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Managing drug use during Ramadan

Many people with a Muslim background who use drugs still find it very important to respect the holy month of Ramadan. Mainlines local partners in South Africa and Kenya tried to support service users to fast.

During Ramadan, Muslims abstain from eating any food, drinking any liquids, smoking cigarettes and engaging in any sexual activity from dawn to sunset. That includes taking medications such as methadone. In general, Muslims experience their religious obligations as rewarding but also as challenging. For people who use drugs, especially those who are homeless, the challenges of fasting add to – and to some extent enforce – their daily struggles.

Mainline found that even people who live on the streets find ways to practise their religion within their personal possibilities. 

Tara Gerardy, Psychosocial Support Coordinator, TB HIV Care:

“Our clients were proactive in arranging for the earlier dosing of their methadone. Whilst this was accommodated, and clients made every effort to observe the fast, many seemed to struggle. Contributing factors include homelessness and clients not having access to a meal outside of the centre. For some, this was their only opportunity to eat”.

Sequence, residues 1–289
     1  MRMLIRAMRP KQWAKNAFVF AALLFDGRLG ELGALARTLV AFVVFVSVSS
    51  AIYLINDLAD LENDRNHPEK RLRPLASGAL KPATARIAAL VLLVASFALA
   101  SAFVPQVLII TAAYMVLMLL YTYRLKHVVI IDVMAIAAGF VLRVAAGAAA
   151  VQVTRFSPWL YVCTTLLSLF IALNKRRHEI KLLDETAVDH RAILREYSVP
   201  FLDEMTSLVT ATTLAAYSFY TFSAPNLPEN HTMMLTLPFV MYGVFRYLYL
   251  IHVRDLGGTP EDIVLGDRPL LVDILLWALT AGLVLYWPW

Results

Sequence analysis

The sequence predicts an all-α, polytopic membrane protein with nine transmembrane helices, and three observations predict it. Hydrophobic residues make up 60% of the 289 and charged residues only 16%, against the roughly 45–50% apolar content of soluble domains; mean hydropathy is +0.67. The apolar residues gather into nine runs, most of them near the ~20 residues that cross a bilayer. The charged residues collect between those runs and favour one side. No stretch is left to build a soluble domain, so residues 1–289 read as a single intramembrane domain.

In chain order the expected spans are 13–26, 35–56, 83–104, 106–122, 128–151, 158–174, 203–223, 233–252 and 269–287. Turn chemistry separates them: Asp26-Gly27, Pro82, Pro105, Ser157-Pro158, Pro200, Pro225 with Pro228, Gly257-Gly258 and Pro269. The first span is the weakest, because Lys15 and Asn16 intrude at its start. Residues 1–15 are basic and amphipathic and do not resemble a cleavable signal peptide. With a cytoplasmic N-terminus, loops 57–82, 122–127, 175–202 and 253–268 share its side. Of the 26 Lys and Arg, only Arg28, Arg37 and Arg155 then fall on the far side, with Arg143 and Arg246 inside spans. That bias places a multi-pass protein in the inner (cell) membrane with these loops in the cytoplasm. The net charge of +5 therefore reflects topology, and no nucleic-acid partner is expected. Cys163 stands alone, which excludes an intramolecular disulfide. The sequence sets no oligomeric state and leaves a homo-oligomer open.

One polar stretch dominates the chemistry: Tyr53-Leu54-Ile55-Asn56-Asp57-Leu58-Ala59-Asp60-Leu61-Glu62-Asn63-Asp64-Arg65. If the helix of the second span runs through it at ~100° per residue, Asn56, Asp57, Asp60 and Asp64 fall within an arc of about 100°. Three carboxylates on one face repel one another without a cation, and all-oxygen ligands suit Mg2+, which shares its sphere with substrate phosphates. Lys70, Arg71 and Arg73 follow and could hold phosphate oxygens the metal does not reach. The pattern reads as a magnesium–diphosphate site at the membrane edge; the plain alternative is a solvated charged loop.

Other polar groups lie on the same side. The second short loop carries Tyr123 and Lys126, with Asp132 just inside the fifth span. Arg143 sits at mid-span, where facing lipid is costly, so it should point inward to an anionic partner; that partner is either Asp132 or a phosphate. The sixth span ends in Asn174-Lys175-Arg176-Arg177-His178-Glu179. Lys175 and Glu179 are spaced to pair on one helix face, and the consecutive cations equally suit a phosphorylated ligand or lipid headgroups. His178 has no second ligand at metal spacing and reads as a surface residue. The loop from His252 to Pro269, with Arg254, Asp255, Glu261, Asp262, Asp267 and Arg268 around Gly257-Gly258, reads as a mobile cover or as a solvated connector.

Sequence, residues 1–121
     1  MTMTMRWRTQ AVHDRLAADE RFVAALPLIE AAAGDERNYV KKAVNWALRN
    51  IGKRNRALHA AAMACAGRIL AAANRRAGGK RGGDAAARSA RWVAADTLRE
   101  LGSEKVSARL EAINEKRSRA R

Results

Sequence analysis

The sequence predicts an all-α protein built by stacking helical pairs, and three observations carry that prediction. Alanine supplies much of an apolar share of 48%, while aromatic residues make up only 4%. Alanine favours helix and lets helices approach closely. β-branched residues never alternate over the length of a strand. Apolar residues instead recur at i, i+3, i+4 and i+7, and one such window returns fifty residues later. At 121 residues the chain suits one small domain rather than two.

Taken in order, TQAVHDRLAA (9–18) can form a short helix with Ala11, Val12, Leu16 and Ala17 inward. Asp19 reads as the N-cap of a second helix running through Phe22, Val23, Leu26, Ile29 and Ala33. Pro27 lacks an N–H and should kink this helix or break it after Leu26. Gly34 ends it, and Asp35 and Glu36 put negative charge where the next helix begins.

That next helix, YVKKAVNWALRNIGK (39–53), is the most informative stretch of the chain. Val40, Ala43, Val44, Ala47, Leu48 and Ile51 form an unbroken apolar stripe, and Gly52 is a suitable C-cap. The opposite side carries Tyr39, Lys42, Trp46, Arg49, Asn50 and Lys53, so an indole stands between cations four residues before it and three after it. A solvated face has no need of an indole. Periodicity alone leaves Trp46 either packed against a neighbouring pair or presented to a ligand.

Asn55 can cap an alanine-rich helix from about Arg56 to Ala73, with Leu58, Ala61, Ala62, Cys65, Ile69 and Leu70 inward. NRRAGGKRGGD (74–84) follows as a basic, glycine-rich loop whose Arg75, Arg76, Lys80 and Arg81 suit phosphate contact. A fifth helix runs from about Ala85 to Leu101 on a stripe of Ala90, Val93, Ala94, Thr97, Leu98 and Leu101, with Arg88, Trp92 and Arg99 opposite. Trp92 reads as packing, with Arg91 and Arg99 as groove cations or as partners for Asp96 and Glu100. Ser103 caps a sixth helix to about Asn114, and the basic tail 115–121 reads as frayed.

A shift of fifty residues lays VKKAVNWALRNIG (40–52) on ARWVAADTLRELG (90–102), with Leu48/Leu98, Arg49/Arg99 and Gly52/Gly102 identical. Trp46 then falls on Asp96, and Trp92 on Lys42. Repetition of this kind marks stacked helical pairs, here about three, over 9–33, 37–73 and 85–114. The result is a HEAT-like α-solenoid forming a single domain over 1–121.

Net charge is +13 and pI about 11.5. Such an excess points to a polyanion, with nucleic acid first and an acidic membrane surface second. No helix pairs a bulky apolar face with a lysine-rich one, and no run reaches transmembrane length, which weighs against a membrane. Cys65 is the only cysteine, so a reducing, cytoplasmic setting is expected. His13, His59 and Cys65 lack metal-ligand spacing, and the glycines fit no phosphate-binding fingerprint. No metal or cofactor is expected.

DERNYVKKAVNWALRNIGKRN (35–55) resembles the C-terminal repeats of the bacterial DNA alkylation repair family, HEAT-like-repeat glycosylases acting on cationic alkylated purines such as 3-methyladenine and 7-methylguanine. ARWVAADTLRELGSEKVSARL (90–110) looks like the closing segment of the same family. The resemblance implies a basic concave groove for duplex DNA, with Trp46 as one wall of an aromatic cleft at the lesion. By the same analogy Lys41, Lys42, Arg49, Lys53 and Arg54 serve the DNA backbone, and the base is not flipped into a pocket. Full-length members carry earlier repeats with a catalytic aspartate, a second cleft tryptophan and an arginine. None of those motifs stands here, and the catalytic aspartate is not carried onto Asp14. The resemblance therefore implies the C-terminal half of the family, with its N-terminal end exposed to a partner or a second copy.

In Mombasa, Kenya, the majority of the residing population observe and celebrate Ramadan, including MEWA's staff and clients. The operating hours of MEWA’s services were extended to support fasting clients to get their daily doses of methadone, ARVs or other essential medicines in a timely manner. 


Daddy Bobby, HIV+ and Methadone client, MEWA:

“In the past, clients who were on ARVs found it hard to fast during the holy month of Ramadan, myself included. Having the MEWA team on the ground and the clinical MAT staff who are supportive in ARV adherence, this has given us a chance to fast and take the ARVs after breaking the fast”.

During Ramadan, MEWA also provided modest iftar meals at the DIC and handed out food packages at the methadone clinic. Knowing that many service users would not be able to spend Eid with their family, both TB/HIV Care in South Africa and MEWA in Kenya celebrated the end of Ramadan with their clients.  

Read more about Mainline in Kenya.

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